Their favorite breeding grounds are closed-canopy forests, ideally with lots of dead leaves on the forest floor.
Its breeding range stretches across Canada and the eastern and central United States. Its wintering range includes the Caribbean, Central and South America and parts of the southeastern U.S.
Ovenbirds depart from their wintering grounds in early spring, arriving in their breeding grounds throughout April and May. Males will sing to attract females. After the males and females pair up, the female will build a nest on the ground, woven from dead leaves, grass, twigs, and animal hair, resembling a dome with a hole on the side. Females lay clutches of between three and six eggs, colored white with brown spots, which hatch after about two weeks of incubation.
Hatchlings are cared for by both females and males. After seven to 10 days’ worth of feeding, the young ovenbirds will leave the nest for the first time. However, they cannot fly, and will need to fed by their parents for another few weeks until they are ready to venture out on their own.
- Be a smart consumer. Choose products made with sustainable ingredients, such as Smithsonian certified Bird Friendly coffees, which support farmers striving to limit their impact on wildlife and habitat.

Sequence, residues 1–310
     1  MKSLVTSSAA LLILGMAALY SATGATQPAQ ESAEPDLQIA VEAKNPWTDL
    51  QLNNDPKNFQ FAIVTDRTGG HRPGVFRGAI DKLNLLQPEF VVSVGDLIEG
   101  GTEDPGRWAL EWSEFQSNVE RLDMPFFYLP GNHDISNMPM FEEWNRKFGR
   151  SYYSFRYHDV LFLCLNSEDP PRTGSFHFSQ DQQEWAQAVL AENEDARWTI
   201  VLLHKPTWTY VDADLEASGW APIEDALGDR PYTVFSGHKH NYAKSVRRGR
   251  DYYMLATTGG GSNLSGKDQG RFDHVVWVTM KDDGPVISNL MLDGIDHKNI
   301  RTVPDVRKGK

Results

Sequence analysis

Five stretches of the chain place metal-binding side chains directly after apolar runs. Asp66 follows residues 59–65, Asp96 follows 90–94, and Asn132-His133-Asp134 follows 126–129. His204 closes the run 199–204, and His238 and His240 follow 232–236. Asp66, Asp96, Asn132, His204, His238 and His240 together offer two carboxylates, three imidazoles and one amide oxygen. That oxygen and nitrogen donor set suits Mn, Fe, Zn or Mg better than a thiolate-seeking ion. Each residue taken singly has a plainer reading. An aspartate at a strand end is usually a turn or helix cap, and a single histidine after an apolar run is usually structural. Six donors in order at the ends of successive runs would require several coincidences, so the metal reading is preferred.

- Be a responsible cat owner, and keep cats indoors or under restraint when outside. Never release animals that have been kept as pets into the wild.
- Support organizations like the Smithsonian’s National Zoo and Conservation Biology Institute that research better ways to protect and care for this animal and other endangered species. Consider donating your time, money or goods.
- Conservation starts with you! Join a citizen science project, such as FrogWatch or Neighborhood Nestwatch, where you can help collect valuable data for scientists. Encourage your friends and family to get involved too.
- Plant native flowers in your garden to help feed resident and migrating pollinators. You'll make your lawn beautiful and help wildlife at the same time!